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Old 03-01-2006, 04:23 PM   #1
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Dry Ice for CO2?

Can you use dry ice for CO2. Has it ever been done or tried. I havnt though up a delivery system yet but I think there has to be some way to harness that concentrated co2.
I'm thinking of using a 2 liter bottle and drop in a dry ice chip every 2 days. While finding a way to create a steady stream of co2, instead of a 5 min concentrated dosing
Is dry ice in any way Bad co2?
Thanks
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Old 03-01-2006, 05:33 PM   #2
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Dry ice is far too risky. the extreme temperature in it's native state may break down the plastic your thinking of housing it in. Also you have no way of regulating the outgas..
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Old 03-01-2006, 05:52 PM   #3
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What you end up with is in order to do it safely, you either have to have a container that will vent the excess pressure (and waste a LOT of the gas) or a tank that can hold the pressure, wich would require a regulator to handle the pressure. At wich point, refilling a co2 tank is cheaper than figuring out how to safely put a useful amount of dry ice into one.

Either way, an actual co2 tank with regulator ends up being the better solution.
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Old 03-01-2006, 06:18 PM   #4
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dry ice

Ok thanks for the feedback. Yeah I was thinkin of a way to get more co2 without dropping $150 on a pressurized tank setup. I know I can do the setup for between $100-150 but its the fact that its ANOTHER 150, and before I know it it will be another $150 for something else and so on
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Old 03-01-2006, 06:28 PM   #5
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u can do a diy setup for co2 thats pretty cheap
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Old 03-01-2006, 07:05 PM   #6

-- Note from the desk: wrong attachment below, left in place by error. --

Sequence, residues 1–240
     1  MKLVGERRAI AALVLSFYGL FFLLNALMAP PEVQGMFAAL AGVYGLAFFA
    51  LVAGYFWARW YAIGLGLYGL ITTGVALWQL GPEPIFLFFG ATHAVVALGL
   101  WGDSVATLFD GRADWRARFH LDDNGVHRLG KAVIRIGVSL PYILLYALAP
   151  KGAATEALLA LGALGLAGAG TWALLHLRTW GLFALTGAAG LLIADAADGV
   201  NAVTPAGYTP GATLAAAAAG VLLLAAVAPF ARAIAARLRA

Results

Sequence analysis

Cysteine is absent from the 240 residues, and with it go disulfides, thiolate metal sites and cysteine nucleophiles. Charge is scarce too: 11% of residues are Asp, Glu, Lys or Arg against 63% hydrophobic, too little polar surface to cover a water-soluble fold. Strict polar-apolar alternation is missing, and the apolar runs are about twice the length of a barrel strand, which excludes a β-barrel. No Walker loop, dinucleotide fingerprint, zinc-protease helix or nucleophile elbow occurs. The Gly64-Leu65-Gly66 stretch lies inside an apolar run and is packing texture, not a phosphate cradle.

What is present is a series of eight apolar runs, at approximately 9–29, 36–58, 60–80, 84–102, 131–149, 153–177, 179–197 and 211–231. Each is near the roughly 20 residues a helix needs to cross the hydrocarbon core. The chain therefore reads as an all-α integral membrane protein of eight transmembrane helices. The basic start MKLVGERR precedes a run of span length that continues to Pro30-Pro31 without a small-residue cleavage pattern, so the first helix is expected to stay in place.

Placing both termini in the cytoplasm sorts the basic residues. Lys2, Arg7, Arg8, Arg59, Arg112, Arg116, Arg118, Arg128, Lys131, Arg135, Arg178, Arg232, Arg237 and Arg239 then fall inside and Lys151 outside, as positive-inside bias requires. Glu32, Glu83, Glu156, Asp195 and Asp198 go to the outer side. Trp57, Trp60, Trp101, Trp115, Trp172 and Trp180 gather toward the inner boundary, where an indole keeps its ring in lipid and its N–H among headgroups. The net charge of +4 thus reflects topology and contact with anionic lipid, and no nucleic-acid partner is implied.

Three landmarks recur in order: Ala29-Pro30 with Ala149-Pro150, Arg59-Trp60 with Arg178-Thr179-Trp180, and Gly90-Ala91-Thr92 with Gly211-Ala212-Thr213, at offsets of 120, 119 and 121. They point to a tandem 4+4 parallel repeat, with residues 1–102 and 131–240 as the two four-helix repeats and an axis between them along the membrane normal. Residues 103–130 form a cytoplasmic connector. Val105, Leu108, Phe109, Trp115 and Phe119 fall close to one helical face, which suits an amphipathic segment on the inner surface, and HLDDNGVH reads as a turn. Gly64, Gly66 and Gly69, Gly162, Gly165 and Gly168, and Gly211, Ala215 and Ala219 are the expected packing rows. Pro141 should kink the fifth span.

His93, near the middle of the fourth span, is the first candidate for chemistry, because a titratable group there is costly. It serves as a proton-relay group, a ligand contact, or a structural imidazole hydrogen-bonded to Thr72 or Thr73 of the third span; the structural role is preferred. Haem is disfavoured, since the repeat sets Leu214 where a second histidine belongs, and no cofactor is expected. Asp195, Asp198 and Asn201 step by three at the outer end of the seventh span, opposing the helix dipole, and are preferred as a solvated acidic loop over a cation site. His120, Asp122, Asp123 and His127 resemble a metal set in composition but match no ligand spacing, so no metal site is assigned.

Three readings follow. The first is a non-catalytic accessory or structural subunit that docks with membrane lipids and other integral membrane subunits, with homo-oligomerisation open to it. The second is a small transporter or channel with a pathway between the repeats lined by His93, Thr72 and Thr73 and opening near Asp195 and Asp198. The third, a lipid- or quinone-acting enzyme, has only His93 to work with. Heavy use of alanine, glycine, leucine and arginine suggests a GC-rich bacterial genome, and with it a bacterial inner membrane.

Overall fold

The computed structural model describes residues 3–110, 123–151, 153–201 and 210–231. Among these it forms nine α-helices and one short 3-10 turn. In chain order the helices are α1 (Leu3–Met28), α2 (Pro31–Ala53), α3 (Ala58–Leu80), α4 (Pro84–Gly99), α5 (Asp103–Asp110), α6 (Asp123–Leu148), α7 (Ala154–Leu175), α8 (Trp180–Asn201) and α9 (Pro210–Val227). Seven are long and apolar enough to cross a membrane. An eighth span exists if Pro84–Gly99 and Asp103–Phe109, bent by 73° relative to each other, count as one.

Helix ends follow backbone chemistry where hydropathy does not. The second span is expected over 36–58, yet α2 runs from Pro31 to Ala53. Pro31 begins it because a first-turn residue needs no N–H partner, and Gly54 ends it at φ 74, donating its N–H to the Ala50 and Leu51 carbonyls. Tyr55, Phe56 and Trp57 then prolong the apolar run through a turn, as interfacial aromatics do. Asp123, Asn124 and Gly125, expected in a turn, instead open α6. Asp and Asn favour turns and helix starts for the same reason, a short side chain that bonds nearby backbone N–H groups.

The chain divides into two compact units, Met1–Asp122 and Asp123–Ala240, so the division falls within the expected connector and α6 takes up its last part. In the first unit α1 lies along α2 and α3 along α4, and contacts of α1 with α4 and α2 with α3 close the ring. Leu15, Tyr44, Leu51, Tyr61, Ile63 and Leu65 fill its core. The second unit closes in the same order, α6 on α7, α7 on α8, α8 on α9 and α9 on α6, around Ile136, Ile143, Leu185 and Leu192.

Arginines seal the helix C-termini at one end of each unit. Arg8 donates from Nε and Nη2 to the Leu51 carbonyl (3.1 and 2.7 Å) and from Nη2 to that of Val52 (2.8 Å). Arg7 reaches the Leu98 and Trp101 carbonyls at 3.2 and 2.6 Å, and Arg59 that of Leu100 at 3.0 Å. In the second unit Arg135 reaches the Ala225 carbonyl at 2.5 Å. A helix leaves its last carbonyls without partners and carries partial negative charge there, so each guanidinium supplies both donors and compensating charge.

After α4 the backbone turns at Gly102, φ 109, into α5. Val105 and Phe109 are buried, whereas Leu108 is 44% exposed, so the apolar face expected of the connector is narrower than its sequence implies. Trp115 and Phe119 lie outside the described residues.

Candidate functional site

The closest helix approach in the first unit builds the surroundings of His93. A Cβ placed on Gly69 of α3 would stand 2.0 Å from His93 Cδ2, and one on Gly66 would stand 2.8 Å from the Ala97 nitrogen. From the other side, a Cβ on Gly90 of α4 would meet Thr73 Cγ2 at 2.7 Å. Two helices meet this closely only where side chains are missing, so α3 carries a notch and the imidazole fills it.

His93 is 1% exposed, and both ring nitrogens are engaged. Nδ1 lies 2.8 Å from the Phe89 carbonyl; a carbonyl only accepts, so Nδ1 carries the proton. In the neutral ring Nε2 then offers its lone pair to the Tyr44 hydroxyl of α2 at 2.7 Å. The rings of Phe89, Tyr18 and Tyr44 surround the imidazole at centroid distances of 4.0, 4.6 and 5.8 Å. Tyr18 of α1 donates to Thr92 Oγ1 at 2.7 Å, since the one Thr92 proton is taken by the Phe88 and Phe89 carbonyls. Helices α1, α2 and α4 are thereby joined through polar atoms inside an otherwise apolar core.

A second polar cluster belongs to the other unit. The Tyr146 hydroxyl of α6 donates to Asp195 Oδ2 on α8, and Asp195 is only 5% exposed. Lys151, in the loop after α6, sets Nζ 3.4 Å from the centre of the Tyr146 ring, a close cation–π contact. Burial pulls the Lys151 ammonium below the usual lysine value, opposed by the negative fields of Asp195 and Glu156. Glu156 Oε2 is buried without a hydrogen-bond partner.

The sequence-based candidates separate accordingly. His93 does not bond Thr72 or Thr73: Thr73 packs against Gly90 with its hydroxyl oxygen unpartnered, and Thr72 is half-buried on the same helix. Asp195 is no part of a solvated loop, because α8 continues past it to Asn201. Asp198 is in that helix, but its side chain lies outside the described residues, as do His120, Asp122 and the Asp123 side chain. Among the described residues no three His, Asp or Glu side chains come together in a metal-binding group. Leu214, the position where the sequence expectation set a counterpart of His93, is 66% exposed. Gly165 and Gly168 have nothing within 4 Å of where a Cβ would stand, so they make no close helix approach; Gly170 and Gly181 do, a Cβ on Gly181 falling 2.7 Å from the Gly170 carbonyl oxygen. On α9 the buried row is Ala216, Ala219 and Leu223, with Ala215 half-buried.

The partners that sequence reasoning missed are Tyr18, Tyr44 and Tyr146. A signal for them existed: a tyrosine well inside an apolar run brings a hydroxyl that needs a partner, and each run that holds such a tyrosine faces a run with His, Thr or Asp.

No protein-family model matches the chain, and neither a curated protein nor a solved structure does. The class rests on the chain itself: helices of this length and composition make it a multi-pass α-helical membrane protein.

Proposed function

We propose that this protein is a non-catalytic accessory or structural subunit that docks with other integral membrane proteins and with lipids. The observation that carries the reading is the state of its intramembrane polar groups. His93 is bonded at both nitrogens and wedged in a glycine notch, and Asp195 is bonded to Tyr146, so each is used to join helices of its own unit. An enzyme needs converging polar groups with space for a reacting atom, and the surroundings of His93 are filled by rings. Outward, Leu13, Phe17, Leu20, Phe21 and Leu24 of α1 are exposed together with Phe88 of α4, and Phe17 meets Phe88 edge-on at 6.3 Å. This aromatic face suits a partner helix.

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Ha, funny I see this thread. I have been thinking about the dry ice route for a couple of days now, and actually added it in a recent post. My idea was to put a very small piece (the size of a small stone) into a place where the fish cannot get to in the tank so that it has a much longer contact time with the water than if it were to just bubble at the surface. Would also make for some really cool pictures with the "fog" at the surface of the water. Regulation would obviously be impossible, but if you need a short term fix, I'm pretty sure it would work.

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Old 03-01-2006, 07:09 PM   #7
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or cryogenically preserve your fish for eternity
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Old 03-01-2006, 09:48 PM   #8
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The chemist point of view : Dry ice contains a little oil, it comes from the compressors used to make it. I beleive it is safe for your tank because the oil will not evaporate, it will just make your device dirty after a while. DO NOT put peaces of dry ice in the tank, this stuff is not very clean.

The engineer point of view : COOL ! You will have to put your dry ice in an insulated container in oirder to slow down the evaporating process and make it last for days. DO NOT use a glass dewar, it may explode. Plastic may be hazardous too for it becomes brittle at -78.5 Celsius. How about a good old stainless steel coffee thermos ?

The cheapest pressure releif device : fill a 6 ft plastic tube (the 1/8 inch type for air bubbles)with water, let it go down and back up, in a U-shape, and connect one end to your device. In case of excessive pressure, the pressure will push the water out. That's it !
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Old 03-02-2006, 10:35 AM   #9
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I have played with dry ice many, many times over the years (dad used to get Omaha steaks, which are shipped in like, 3lbs of dry ice...a kids dream!)

little chips of dry ice last about 3 mins in water, and once they're gone, they're gone.